Delegation of provision of customs duty and customs tariff to the Government of the Republic by the Customs Tariffs Act is in conflict with the fundamentals of Estonian state, namely with the principle of separation and balance of powers, declared in Chapter I entitled “General Provision” (§ 4) of the Constitution. Pursuant to § 59 of the Constitution the legislative power is vested in the Riigikogu, and pursuant to § 65 16) the Riigikogu shall resolve other national issues, not mentioned in this provision, which the Constitution does not vest in the President of the Republic, other state bodies or local governments. § 65 of the Constitution does not refer to provision and levying of state taxes among the issues within the competence of the Riigikogu; “other national issues” referred to § 65 6) are to be understood as including the issue referred to in § 113 of the Constitution. According to § 3 of the Constitution the powers of state shall be exercised solely pursuant to the Constitution and laws which are in conformity therewith. The Riigikogu is not allowed to delegate to the Government of the Republic the resolution of issues which, pursuant to Constitution, are to be resolved by law.
The violation of the principle of separate and balanced powers by the Riigikogu by delegating the provision and levying of a state tax to the Government of the Republic constitutes a violation of the principle of a state based on democracy and the rule of law, stipulated in § 10 of the Constitution, as this constitutes a threat to everyone’s fundamental rights, to legal certainty and to the legality of public administration.
In its judgment of 30 September 1994 the Constitutional Review Chamber of the Supreme Court pointed out the following: “The Constitution, and Acts and other legislation adopted in accordance therewith, are intended to create order and stability in society. Thereby a solid and stable basis for legal exercise of fundamental rights and freedoms is created, and legal certainty as a social value is formed.” In the judgment of 20 December 1996 the Constitutional Review Chamber stated that “The purpose of the right to issue regulations, vested in the Government of the Republic, is to decrease the legislator’s workload, and to transfer the function of technical elaboration of norms to the government, in order to guarantee flexibility of administrative activity and to avoid overloading the laws with useless regulations of individual matters. At the same time, it is necessary to restrict the authority of the executive by laws, to ensure that state power is exercised democratically, to guarantee general legal certainty, and to protect constitutional rights and freedoms.”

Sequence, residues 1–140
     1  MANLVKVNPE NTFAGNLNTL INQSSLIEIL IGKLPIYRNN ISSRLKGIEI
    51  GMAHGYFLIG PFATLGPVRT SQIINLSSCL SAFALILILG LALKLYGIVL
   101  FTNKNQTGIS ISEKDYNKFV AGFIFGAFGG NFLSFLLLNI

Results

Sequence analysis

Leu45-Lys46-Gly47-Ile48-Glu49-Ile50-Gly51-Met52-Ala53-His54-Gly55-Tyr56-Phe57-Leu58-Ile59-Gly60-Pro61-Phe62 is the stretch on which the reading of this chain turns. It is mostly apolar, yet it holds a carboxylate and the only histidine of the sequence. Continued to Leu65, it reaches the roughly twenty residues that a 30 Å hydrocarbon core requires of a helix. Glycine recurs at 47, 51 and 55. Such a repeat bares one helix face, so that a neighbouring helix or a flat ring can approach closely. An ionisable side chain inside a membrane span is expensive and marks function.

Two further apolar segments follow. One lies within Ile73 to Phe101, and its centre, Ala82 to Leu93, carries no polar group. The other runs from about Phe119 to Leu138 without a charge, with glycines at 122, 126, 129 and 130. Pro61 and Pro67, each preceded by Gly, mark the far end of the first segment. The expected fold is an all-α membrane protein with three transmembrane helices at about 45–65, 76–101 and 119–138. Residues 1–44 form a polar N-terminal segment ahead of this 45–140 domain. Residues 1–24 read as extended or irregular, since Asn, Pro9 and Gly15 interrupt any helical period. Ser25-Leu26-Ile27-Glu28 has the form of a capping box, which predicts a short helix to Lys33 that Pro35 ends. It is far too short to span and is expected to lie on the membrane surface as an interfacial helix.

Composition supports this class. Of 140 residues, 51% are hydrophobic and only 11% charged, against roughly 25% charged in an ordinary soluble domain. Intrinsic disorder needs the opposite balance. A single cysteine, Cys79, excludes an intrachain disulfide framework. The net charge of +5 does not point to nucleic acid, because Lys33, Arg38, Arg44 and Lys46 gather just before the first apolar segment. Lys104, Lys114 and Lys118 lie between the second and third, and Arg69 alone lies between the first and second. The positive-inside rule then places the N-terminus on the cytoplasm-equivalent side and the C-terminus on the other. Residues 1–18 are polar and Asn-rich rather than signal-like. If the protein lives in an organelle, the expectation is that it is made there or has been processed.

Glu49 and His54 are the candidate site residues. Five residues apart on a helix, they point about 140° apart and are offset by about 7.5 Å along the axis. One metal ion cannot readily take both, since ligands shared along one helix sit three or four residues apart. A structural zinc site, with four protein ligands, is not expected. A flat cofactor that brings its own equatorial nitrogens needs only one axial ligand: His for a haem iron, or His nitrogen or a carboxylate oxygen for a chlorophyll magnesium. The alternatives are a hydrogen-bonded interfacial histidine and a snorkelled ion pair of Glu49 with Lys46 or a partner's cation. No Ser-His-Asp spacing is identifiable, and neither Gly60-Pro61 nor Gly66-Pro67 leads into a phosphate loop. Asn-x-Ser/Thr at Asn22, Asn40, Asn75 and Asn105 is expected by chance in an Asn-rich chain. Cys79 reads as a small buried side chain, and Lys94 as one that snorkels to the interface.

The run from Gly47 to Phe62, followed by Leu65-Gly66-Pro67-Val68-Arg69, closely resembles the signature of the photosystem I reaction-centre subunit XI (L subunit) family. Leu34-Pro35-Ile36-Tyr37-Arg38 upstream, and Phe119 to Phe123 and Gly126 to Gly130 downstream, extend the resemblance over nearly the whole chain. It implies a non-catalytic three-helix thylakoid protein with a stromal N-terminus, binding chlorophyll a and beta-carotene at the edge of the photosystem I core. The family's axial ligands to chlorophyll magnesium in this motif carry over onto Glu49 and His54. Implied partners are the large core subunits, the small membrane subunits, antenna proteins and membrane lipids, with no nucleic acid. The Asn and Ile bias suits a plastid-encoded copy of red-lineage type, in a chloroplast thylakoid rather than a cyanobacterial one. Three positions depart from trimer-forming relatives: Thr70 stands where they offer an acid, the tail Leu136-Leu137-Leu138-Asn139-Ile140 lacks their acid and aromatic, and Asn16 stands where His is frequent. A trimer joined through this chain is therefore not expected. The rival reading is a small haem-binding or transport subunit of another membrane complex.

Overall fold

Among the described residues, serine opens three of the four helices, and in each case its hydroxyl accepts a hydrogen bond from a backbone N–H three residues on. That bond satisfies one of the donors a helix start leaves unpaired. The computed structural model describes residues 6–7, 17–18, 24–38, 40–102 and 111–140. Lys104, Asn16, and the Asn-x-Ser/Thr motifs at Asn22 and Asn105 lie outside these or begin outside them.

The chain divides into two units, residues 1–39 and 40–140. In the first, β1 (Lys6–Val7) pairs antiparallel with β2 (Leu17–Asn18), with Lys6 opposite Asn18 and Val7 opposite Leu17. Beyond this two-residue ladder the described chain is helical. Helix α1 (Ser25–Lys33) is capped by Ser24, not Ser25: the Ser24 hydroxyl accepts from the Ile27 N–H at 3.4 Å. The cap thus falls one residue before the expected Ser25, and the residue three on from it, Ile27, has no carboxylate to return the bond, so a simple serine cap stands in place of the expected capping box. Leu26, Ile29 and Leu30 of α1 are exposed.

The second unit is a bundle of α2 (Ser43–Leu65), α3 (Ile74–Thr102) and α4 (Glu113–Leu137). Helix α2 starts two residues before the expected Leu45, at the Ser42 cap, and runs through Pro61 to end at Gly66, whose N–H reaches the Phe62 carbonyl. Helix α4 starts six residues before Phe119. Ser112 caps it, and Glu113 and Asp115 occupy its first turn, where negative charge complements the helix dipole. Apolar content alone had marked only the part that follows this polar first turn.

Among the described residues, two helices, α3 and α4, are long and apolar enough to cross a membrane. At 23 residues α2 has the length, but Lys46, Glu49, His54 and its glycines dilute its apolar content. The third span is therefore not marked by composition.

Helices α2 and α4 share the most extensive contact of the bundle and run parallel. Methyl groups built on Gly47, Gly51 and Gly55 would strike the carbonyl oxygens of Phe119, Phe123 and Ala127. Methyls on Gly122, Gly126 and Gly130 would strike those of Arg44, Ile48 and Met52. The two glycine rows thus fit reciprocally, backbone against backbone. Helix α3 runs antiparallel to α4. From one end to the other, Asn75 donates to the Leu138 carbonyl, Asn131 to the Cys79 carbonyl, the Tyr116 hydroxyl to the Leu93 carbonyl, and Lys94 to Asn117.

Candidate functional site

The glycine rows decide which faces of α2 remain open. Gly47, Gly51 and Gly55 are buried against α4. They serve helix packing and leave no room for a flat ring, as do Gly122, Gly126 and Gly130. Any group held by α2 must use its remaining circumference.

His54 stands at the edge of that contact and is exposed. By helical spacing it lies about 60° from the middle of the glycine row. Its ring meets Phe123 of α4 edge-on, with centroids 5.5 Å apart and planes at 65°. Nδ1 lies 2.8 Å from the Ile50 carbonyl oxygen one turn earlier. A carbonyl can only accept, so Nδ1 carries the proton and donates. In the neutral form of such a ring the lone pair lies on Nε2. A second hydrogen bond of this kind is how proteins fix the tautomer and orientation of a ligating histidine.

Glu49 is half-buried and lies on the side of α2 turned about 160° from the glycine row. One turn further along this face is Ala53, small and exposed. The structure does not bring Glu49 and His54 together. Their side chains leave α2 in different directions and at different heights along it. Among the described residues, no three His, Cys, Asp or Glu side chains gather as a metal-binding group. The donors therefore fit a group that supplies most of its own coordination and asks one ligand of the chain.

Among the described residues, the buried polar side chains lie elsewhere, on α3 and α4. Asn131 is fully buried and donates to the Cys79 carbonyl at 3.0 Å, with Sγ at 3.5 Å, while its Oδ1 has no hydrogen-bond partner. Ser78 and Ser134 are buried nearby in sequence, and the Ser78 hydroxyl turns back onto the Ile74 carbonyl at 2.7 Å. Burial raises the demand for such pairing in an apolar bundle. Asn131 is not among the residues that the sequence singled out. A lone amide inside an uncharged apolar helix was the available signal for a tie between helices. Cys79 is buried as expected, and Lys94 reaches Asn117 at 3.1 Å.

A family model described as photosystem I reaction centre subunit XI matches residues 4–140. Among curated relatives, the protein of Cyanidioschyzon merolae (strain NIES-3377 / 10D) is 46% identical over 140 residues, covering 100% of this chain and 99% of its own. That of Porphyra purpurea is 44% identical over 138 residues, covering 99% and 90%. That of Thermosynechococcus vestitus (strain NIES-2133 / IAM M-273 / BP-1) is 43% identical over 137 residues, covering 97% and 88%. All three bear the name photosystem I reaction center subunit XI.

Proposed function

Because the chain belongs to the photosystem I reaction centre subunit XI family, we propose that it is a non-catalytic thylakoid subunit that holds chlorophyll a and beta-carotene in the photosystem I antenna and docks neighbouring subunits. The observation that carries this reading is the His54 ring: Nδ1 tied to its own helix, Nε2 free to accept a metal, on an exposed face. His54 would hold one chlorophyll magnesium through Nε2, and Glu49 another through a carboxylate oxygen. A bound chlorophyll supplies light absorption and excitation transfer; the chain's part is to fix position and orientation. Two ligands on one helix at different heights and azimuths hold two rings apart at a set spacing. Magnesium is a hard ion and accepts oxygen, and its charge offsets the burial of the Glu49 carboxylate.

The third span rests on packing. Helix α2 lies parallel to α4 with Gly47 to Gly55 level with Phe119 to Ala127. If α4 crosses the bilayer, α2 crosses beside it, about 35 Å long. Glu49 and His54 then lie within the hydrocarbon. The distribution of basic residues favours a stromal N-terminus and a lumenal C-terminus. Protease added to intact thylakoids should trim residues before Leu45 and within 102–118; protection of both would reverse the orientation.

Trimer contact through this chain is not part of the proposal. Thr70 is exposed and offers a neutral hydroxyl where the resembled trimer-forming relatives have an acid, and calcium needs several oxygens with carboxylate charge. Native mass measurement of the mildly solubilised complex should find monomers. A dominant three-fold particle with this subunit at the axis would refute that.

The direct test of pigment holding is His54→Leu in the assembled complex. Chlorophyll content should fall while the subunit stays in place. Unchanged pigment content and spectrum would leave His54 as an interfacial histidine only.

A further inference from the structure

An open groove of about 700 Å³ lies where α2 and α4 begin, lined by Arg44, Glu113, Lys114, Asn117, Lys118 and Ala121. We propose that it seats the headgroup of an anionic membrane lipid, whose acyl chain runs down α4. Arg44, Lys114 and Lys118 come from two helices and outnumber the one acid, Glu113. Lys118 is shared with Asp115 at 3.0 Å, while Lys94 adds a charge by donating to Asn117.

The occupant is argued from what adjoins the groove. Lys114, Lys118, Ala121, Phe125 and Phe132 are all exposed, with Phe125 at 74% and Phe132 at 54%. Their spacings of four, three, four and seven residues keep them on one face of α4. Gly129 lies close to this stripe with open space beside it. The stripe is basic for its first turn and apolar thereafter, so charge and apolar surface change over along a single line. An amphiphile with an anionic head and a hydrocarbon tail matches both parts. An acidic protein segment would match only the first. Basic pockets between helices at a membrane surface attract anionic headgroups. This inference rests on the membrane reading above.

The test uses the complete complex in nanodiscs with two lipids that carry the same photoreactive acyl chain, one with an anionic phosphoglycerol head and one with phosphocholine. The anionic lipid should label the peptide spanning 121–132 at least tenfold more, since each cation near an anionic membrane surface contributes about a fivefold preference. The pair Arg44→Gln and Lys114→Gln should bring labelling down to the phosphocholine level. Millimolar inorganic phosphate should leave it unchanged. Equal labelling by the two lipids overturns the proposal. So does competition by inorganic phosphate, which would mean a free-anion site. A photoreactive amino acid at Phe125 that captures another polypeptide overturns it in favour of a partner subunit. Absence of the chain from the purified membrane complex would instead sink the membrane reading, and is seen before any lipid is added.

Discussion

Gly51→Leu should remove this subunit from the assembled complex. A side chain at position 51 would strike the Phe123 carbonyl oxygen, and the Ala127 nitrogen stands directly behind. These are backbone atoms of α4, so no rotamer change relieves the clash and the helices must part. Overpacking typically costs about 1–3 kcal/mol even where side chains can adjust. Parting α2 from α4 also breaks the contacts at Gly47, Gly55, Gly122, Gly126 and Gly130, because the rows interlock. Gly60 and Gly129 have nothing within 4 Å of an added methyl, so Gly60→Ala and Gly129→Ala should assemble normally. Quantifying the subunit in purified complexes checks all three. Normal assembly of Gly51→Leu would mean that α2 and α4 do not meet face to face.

The delegation of provision and levying of a state tax to the Government of the Republic can not be regarded as a mere technical elaboration of norms. Neither does the delegation of provision and levying of taxes to the executive serve the objective of creating order and stability in a society. Such regulatory provision is also in conflict with the purpose of the right to issue regulations, and prejudices legal certainty as a social value.
Consequently, for the above reasons subsections (3) and (5) of § 15 of the Customs Tariffs Act are in conflict with §§ 113, 102, 4 and 10 of the Constitution. The Chancellor of Justice’s petition is to be satisfied.
On the basis of § 19(1)2) of the Constitutional Review Court Procedure Act the Constitutional Review Chamber has decided:
To satisfy the petition of the Chancellor of Justice of 19 January 1998 and to declare subsections (3) and (5) of § 15 of the Customs Tariffs Act null and void.
The decision is effective from the date of its pronouncement, is final and is not subject to further appeal.
Chief Justice of the Supreme Court